As another new year begins, it’s time to commit to making positive changes, both personally and professionally. This is why a good choice for this month’s value is new beginnings. It’s a concept that may seem kind of vague, but it’s also a value that can provide an added incentive to make improvements that are good for you in many different ways. If you are a part of the trucking industry in some way, take a moment to consider how you can embrace the concept of new beginnings this year.
Decisions like this aren’t easy. But 2018 may be the perfect time to mark a new beginning for your business by expanding your operations. According to the American Trucking Associations, the rate at which goods are hauled by truck is expected to increase by 3 percent over the next five years. ATA also forecasts continued growth for freight transportation through 2028. During this same period, freight tonnage is expected to grow by 40 percent, and revenue from hauling goods may increase by as much as 90 percent. Even if expansion isn’t something you’ve considered, now may be a good time to consider your options.
The new ELD requirement has, in a way, contributed to a new beginning for the trucking industry when it comes to how hours are tracked. Apply the concept of time management to your own life by taking positive steps to effectively juggle your own personal time demands. Some possible ways to achieve this goal include:
• Spending some of your free time doing volunteer or charity work
• Making an effort to spend more quality time with your children and/or family members when not on the road or the on the job
• Easing your personal stress by finding a better work-life balance
Diners, truck stops, and easily accessible fast food places can result in less-than-ideal eating habits for truckers regularly on the road. Treat yourself to a healthy new beginning by taking positive steps to improve your diet while on the job. Consider these tips:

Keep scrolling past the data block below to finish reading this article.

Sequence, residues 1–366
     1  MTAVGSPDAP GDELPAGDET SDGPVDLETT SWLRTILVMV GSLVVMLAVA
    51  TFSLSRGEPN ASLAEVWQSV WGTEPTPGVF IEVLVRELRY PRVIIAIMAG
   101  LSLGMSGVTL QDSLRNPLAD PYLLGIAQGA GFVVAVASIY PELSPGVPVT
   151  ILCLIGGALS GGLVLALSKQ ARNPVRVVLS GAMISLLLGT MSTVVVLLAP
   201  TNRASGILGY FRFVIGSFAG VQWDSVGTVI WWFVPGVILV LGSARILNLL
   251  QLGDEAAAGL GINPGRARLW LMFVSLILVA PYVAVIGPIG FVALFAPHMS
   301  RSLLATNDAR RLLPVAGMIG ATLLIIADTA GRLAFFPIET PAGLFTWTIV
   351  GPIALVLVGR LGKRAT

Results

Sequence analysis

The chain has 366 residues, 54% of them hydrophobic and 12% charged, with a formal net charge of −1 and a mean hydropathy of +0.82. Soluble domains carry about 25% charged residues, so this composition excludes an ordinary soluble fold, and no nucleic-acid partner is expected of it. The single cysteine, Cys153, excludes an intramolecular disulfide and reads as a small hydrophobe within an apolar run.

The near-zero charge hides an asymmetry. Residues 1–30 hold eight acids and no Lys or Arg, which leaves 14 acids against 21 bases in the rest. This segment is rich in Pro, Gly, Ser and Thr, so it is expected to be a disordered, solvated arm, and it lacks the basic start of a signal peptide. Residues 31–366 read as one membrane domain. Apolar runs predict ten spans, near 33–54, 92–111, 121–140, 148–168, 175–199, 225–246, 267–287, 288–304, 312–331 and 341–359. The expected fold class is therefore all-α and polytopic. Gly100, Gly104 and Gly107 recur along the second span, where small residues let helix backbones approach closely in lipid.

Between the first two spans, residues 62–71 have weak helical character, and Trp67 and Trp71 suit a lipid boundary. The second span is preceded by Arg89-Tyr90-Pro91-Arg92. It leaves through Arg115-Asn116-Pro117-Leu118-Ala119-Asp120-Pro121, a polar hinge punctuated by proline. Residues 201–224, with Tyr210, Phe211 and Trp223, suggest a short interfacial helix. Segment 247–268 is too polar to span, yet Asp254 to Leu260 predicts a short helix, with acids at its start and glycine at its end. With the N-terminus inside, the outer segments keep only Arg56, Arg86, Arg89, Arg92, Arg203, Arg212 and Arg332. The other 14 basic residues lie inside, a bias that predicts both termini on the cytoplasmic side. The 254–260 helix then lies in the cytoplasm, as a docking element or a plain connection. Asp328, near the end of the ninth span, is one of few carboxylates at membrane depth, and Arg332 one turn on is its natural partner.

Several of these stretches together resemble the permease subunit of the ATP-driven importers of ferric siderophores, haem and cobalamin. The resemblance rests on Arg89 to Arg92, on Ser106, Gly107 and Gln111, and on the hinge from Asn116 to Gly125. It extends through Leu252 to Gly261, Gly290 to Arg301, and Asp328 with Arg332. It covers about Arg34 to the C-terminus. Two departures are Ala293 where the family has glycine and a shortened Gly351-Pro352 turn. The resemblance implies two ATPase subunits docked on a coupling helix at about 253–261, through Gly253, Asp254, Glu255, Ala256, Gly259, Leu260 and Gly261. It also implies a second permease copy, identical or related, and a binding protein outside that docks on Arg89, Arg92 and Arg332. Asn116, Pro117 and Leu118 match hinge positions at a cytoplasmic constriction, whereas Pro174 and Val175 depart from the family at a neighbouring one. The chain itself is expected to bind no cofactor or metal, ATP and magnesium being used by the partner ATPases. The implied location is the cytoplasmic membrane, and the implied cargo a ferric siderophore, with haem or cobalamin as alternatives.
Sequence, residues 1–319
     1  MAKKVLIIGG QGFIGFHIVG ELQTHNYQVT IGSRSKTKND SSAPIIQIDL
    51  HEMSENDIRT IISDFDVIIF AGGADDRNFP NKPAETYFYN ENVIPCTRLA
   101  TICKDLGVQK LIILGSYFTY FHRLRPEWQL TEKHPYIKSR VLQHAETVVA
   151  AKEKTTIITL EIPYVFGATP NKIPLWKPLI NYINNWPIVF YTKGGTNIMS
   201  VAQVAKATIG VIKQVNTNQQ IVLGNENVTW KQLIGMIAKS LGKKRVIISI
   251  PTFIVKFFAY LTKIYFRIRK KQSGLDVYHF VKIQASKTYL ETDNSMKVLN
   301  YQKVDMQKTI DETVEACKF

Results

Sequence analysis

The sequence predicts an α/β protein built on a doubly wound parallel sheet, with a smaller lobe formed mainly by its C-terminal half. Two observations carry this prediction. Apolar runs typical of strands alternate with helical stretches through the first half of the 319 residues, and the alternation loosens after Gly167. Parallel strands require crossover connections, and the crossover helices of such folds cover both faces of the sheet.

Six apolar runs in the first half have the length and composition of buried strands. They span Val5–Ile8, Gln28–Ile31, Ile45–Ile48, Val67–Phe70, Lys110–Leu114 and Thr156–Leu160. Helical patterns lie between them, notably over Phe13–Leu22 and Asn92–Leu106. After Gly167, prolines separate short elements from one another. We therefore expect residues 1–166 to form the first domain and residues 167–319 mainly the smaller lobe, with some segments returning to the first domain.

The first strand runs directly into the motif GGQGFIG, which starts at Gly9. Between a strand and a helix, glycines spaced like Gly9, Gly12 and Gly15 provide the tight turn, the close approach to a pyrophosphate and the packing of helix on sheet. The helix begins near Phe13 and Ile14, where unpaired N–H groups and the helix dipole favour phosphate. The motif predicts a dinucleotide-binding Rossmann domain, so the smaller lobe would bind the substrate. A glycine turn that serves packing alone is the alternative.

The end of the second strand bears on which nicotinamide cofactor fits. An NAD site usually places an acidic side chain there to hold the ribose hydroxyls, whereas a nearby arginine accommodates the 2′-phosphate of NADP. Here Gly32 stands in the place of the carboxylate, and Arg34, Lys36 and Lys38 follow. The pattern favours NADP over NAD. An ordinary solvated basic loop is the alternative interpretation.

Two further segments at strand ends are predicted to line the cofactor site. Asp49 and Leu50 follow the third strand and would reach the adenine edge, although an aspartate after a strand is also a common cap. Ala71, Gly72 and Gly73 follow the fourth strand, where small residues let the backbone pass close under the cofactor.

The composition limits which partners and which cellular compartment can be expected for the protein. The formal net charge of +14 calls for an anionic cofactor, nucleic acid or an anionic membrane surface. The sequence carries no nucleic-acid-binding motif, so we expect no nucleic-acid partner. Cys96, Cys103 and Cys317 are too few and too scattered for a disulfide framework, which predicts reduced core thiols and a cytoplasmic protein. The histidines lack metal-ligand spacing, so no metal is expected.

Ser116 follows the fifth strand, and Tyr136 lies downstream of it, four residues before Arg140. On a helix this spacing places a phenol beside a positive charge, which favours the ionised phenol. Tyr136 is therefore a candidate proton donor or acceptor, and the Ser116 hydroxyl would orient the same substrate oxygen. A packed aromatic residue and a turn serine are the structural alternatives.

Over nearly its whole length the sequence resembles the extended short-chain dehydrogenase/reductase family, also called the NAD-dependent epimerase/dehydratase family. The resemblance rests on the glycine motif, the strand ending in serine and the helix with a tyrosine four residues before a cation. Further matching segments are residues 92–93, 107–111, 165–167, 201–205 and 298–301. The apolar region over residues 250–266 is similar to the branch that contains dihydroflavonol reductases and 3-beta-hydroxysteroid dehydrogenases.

• Choose quick meals that are high in fiber and low in calories and fat (e.g., cereal with low-fat milk, broth-based soups, oatmeal bars)
• Stock your cab with healthy snacks like whole-grain crackers, carrot sticks, and Greek yogurt to satisfy your hunger on the road and minimize the temptation to opt for fast food
• Use convenient appliances like portable coolers and mini slow cookers to make and store your own healthy meals in your cab or hotel room when on the road
You can’t have an entirely new beginning when it comes to improving your overall health without including exercise in the mix. Lack of sufficient exercise is a serious issue for individuals working in the trucking profession. According to a survey conducted by the National Institute for Occupational Safety and Health, nearly 70 percent of long-haul truck drivers are obese. A Gallup-Healthways analysis involving people in transportation-related jobs found similar results. A gym membership isn’t always practical for truckers. But there are sensible ways for truck drivers to stay fit even while on the road:
• Commit to getting, at least, 15 minutes of exercise a day
• Maximize fat-burning by doing more intense workouts when you do have time to get to a gym
• Work multiple muscle groups to improve overall flexibility and strength
• Have breakfast and eat after workouts to minimize the hunger pains that sometimes result in eating binges
• Log your nutrition and fitness efforts so you can track your progress and identify areas where you can improve
Partner with Pay4Freight for a new beginning when it comes to your trucking business’ bottom line. Our resources can help you compete at the same level as the big guys. Contact us today to learn more.